The original idea behind the system was to provide a sense of security for the common working man. In the case of disability, retirement, or the death of the breadwinner in the family, the Social Security system would provide financial help to that person’s surviving family, by taxing the working population. Starting in 1937, a 2% payroll tax was imposed on all workers in the United States. 1% of this fell to the workers themselves and a second 1% was paid by the employers. This payroll tax was dispersed to nearly 54,000 beneficiaries, mainly as lump sum death benefits (today, this is not true.  Much of social security is paid out to those who are living but are retired as a fixed income). This tax was increased to 3% in 1950, 4% in 1956, and then again to 6% in 1961, the rate at which it stands today (http://en.wikipedia.org/wiki/Social_Security_Act).

Since its inception, Social Security has allowed Americans to feel sure that another tragedy like the Great Depression will never occur.  It provides for security even in tragedies by guaranteeing that the government will pay if anything occurs.  It keeps the value of money roughly the same, too, so that should a crash occur, the dollar would not lose its value, effectively rendering any money saved worthless.  Without this program, the country would have floundered and had trouble emerging from the Great Depression (http://en.wikipedia.org/wiki/Social_Security_Act).

Some elderly people, to this day, do not trust the government, and they hide cash around their houses in case the banks were to collapse.  This is a worry that stems from the Great Depression, when money that was saved in banks was simply gone.  The social security act has put in place sanctions that would prevent banks from losing money.  The government now guarantees savings up to several thousand dollars.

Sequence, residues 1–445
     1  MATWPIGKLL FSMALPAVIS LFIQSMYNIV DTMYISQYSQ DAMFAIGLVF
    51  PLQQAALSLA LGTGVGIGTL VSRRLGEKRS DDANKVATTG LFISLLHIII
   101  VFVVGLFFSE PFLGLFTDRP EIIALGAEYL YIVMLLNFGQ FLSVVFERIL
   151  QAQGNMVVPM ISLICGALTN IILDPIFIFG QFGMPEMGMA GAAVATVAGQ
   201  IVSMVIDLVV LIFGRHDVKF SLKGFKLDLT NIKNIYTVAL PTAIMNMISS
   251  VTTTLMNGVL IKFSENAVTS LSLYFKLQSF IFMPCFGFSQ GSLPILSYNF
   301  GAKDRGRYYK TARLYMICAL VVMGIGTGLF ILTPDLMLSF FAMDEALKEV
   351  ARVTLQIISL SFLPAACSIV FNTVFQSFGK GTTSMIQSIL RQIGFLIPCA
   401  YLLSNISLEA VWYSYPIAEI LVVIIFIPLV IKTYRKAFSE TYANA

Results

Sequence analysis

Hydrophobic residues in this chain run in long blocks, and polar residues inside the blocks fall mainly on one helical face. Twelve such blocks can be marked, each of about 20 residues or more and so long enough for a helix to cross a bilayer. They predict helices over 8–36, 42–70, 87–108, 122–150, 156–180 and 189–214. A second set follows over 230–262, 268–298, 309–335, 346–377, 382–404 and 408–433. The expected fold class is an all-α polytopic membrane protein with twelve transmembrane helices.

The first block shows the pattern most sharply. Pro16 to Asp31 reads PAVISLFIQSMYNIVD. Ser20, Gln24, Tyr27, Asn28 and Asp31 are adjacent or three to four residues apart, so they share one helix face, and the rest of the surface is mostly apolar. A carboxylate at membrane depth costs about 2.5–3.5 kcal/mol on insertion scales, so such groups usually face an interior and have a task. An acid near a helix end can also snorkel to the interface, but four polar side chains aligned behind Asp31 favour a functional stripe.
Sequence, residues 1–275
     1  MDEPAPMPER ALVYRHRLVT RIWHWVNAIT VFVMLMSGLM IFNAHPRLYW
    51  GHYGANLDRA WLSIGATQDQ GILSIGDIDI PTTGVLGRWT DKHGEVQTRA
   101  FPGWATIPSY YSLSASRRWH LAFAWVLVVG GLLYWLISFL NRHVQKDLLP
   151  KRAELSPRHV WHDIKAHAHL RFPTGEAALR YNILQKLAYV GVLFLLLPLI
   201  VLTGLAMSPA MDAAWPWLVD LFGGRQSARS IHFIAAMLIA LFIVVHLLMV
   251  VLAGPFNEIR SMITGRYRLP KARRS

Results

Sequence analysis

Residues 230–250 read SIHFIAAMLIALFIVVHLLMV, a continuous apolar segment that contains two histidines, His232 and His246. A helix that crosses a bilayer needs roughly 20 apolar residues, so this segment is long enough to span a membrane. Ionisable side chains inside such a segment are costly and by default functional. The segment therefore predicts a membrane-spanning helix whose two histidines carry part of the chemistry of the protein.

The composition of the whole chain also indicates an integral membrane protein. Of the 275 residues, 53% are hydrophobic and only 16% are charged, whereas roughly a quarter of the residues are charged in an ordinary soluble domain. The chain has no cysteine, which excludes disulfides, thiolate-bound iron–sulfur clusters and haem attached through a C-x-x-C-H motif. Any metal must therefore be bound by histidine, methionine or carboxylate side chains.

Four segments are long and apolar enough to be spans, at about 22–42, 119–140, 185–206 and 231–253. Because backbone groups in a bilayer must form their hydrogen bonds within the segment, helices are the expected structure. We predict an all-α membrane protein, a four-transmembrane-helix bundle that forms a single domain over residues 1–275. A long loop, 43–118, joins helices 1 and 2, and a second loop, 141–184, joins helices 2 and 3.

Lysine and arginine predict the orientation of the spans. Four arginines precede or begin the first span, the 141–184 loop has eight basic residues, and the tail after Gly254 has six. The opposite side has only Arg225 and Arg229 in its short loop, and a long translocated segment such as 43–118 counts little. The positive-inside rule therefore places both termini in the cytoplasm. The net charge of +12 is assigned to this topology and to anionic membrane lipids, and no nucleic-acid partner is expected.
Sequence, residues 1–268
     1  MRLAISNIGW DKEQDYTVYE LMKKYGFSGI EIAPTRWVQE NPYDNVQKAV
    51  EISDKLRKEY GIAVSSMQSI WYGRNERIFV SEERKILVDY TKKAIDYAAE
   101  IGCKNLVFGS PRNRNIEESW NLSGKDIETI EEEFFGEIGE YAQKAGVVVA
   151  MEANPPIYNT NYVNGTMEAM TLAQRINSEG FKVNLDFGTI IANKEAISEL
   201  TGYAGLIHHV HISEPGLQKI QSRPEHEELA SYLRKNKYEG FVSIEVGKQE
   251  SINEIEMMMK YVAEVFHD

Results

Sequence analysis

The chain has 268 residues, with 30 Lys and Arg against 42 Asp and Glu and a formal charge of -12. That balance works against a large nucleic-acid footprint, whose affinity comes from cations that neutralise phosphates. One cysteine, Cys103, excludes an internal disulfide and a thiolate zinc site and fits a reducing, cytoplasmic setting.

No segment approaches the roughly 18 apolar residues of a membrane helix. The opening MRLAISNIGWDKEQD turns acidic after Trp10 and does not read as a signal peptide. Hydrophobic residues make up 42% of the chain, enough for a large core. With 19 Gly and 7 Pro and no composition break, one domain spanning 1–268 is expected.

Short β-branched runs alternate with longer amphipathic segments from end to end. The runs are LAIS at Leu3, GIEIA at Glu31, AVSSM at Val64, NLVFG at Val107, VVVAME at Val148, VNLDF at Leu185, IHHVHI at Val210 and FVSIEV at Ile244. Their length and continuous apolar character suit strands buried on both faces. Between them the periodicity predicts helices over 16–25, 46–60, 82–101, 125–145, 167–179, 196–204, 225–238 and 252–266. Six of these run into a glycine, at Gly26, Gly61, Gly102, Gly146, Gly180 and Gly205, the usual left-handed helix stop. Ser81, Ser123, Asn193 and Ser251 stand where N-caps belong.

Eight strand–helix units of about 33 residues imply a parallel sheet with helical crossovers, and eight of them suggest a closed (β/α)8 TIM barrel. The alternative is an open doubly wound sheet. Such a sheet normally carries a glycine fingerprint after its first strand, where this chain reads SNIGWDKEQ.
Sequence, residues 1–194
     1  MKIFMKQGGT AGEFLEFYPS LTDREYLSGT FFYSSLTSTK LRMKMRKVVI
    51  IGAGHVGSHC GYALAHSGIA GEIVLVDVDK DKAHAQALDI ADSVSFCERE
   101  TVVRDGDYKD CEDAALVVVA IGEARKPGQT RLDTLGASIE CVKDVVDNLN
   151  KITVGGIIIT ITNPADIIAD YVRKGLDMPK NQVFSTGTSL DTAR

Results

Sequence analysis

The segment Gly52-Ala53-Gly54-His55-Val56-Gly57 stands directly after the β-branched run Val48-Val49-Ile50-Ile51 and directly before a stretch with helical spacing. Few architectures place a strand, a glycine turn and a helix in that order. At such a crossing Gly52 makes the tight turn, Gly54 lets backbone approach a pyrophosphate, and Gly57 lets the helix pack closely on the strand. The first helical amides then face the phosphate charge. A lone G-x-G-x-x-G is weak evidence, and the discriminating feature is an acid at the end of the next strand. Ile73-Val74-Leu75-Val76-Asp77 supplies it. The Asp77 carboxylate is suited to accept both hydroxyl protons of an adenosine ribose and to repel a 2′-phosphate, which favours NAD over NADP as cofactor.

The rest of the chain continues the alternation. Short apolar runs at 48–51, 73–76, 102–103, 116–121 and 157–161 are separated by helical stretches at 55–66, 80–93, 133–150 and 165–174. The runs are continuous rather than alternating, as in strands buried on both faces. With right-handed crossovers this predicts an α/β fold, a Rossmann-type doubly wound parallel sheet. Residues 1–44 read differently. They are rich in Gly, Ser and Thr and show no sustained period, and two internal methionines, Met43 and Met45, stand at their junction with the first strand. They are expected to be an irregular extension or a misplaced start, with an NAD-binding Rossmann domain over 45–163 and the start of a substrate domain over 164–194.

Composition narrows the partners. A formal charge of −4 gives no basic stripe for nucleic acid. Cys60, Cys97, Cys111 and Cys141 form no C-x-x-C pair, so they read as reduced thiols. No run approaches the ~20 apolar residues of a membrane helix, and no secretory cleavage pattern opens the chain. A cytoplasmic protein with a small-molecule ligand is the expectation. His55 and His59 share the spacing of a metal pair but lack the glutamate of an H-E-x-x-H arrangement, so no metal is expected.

To further protect peoples’ money and their security, Medicare was added to the benefits in the Social Security Act of 1965.  This ensured that doctors’ bills would be paid for those 65 and older.  It also provided for prescription coverage and other medical expenses.  The program was a big success and had 20 million people enroll in only the first three years.  Today, Medicare provides for millions of elderly Americans’ medical expenses (www.ourdocuments.gov).

The debate about Medicare actually started during Harry Truman’s time.  He was Roosevelt’s immediate successor, and believed strongly in Roosevelt’s plans for the country.  He brought up a system of public healthcare and ways to fund it, but the country was terrified of “socialized healthcare,” similar to what is found in other countries, and rejected the idea.

Ultimately, the bill was passed during Lyndon Johnson’s presidency, when the country was perhaps more ready for the ideas that Medicare presented.  Though it was resisted, it has proved to be a necessary part of the bill itself.  It is especially important because of rising health care costs and the sometimes astronomical needs of older people, which only grow as more diseases, like cancer, Alzheimer’s, and other illnesses, are discovered.  These disorders sometimes require lengthy stays in nursing homes or hospice, and cannot be afforded easily by families, even with traditional medical insurance.  Medicare ensures that these elderly will be well-taken care of, and that they will have access to diabetic supplies and other prescription medication to manage or treat their conditions.